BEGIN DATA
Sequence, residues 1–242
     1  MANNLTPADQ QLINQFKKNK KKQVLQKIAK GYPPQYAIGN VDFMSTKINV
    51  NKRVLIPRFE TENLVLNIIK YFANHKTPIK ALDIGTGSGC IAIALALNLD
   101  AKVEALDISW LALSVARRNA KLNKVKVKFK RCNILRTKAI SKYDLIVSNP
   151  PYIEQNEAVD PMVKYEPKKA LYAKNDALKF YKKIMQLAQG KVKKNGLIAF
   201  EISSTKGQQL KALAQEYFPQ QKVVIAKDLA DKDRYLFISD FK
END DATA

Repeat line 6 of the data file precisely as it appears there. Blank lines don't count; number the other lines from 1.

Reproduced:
   201  EISSTKGQQL KALAQEYFPQ QKVVIAKDLA DKDRYLFISD FK